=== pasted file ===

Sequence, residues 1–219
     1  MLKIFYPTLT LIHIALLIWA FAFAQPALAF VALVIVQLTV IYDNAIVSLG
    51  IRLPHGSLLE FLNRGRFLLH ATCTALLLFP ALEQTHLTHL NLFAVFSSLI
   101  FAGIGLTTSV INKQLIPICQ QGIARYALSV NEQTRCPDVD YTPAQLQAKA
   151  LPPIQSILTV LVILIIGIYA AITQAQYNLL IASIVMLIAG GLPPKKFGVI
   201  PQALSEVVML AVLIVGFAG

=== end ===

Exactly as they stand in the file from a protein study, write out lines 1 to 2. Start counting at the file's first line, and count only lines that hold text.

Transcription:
Sequence, residues 1–219
     1  MLKIFYPTLT LIHIALLIWA FAFAQPALAF VALVIVQLTV IYDNAIVSLG